Study uses Real-World Data to describe important patterns in the treatment of opioid use disorder
Holmusk, a leading global data science and digital health company building the largest Real-World Evidence platform for behavioral health, today announced study results that could help identify which patients with opioid use disorder are at the highest risk for ending treatment early.
The findings were published in collaboration with researchers from JPS Health Network in Neuropsychiatric Disease and Treatment. The authors of the manuscript, entitled “Factors that Affect Patient Attrition in Buprenorphine Treatment for Opioid Use Disorder,” developed a predictive model for treatment dropout. The model predicts with high accuracy (90.5% precision and 75.2% recall) which patients are at risk for treatment dropout within three months of initiating treatment.
Published in collaboration with researchers from JPS Health Network, the manuscript assessed factors associated with treatment retention for buprenorphine among patients with opioid use disorder (OUD). Leveraging NeuroBlu, Holmusk’s Real-World Evidence platform for behavioral health, the authors developed a predictive model for treatment dropout within three months of initiation with high accuracy (90.5% precision and 75.2% recall).
Buprenorphine is typically prescribed as part of medication-assisted treatment (MAT) to help people reduce or quit use of opiates, and use of BUP has been found to improve clinical outcomes including harm reduction, treatment retention, and decreased risk of illicit drugs. However, premature treatment discontinuation remains a major obstacle in improving outcomes across OUD patient populations.
“Buprenorphine is an effective treatment for OUD, but it is well known that patients have problems staying in treatment,” commented Miguel Rentería, PhD (Principal DataScientist, Holmusk), an author on this study. “To our knowledge, this is the largest observational study using Real-World Data to elucidate factors associated with use of buprenorphine for OUD. This study, which focuses on a critical public health issue, could be used to inform new strategies to improve outcomes for patients."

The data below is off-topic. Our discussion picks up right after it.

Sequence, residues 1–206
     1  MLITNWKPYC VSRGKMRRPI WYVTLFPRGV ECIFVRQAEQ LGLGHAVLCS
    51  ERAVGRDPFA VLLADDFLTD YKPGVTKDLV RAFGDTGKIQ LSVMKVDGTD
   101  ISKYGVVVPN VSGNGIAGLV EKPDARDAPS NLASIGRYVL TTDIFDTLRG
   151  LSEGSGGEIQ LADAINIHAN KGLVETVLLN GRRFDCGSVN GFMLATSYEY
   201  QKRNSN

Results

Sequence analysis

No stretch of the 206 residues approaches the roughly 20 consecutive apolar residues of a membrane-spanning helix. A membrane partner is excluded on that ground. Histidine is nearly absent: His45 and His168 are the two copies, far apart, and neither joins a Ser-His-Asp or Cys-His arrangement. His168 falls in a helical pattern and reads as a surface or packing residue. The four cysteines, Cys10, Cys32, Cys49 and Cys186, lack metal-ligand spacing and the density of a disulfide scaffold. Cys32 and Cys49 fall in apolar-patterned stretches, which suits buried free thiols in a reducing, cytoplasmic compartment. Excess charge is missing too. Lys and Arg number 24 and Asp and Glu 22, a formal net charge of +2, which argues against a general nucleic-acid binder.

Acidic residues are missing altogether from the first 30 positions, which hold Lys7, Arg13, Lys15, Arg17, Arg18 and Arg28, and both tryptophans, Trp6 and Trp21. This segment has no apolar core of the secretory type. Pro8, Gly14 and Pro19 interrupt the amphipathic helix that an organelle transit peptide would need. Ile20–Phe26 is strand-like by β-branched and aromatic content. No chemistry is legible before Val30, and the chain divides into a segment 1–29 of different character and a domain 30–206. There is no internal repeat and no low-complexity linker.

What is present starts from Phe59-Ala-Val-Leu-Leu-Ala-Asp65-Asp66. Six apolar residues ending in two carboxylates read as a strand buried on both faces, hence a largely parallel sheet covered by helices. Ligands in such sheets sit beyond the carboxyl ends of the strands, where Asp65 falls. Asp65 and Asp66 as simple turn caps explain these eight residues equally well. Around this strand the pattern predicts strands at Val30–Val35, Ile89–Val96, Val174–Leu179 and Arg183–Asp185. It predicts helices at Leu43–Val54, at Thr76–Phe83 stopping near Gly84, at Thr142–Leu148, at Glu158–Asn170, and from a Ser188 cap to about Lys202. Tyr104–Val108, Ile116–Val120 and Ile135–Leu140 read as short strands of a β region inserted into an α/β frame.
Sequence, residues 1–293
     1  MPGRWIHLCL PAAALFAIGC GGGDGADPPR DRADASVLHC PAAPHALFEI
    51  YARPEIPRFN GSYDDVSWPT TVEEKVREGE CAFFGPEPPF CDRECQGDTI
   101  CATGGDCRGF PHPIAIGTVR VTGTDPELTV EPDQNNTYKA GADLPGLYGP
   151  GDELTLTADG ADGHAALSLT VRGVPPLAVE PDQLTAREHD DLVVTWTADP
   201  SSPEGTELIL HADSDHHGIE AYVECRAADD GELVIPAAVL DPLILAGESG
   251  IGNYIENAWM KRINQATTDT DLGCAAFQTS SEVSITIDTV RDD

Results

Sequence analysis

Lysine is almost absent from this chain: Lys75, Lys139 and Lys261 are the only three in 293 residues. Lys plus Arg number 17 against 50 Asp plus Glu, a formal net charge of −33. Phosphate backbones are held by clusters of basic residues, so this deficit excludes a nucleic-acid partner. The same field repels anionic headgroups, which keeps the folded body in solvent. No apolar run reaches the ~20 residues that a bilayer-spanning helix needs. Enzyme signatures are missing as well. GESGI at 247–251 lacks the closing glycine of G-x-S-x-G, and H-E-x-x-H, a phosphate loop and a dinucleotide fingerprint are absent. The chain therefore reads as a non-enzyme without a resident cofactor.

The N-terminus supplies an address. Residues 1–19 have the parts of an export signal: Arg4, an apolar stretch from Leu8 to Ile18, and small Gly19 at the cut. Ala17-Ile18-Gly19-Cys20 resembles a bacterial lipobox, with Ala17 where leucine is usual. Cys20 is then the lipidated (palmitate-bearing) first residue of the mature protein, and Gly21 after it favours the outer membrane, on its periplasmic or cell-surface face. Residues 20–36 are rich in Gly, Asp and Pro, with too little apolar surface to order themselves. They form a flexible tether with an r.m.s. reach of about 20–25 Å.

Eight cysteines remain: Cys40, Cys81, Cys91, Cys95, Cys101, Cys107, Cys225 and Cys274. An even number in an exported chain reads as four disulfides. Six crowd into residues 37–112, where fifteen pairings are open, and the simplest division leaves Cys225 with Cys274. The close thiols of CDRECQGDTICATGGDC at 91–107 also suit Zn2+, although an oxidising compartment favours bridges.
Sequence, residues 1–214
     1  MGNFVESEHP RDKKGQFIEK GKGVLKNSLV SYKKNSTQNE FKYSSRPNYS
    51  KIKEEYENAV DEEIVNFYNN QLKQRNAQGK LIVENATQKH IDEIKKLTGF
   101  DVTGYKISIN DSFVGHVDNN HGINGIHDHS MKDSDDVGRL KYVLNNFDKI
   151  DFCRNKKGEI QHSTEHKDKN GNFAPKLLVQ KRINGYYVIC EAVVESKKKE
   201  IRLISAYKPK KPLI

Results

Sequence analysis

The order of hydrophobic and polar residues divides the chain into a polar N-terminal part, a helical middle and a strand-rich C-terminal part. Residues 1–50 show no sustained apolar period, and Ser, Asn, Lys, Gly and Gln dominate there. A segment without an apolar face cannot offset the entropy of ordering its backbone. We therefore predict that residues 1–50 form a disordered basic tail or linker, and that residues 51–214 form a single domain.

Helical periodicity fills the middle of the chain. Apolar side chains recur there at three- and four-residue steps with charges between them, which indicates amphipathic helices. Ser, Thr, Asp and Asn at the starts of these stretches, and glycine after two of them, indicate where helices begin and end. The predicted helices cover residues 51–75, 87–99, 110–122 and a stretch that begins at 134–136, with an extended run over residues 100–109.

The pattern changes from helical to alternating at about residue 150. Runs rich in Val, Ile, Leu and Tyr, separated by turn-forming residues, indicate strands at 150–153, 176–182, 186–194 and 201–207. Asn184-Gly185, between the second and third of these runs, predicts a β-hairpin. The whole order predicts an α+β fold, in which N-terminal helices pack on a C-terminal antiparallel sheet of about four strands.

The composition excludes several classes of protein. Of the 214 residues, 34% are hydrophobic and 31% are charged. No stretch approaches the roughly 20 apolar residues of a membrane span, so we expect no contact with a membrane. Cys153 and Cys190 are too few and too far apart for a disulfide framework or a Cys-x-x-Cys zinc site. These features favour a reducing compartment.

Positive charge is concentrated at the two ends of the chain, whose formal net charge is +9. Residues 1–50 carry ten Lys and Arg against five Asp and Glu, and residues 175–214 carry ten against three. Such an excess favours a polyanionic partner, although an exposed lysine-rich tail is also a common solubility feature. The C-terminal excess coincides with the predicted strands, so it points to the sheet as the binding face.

This study found that a high proportion of OUD patients who start buprenorphine treatment drop out of treatment early, especially those who start treatment while being hospitalized; for this group, only 16% remained in treatment after three months. Several factors were associated with higher treatment retention, including initiating treatment as an outpatient, having higher functioning and less severe condition at the start of treatment, initiating at a higher buprenorphine dose, and being on fewer prescriptions. This study leveraged clinical data from NeuroBlu, the industry-leading behavioral health clinical dataset with over 20 years of data on 560,000+ patients and 20+ million encounters.
“There is a dearth of evidence regarding the factors that contribute to buprenorphine treatment retention and dropout,”shared Dustin DeMoss, DO (Department of Psychiatry, JPS Health Network). “Predicting ahead of time which patients will do better or worse in treatment can help allocate resources and optimize outcomes to help address the ongoing opioid crisis."
Full text available here: https://www.dovepress.com/articles.php?article_id=70097
Citation information: Ker S, Hsu J, Balani A, Mukherjee SS, Rush AJ, KhanM, Eichehabi S, Huffhines S, DeMoss D, Rentería ME, Sarkar J. (2021). Factors That Affect Patient Attrition in Buprenorphine Treatment for Opioid Use Disorder: A Retrospective Real-World Study Using Electronic Health Records. Neuropsychiatric Disease and Treatment. 17:3229-3244. https://doi.org/10.2147/NDT.S331442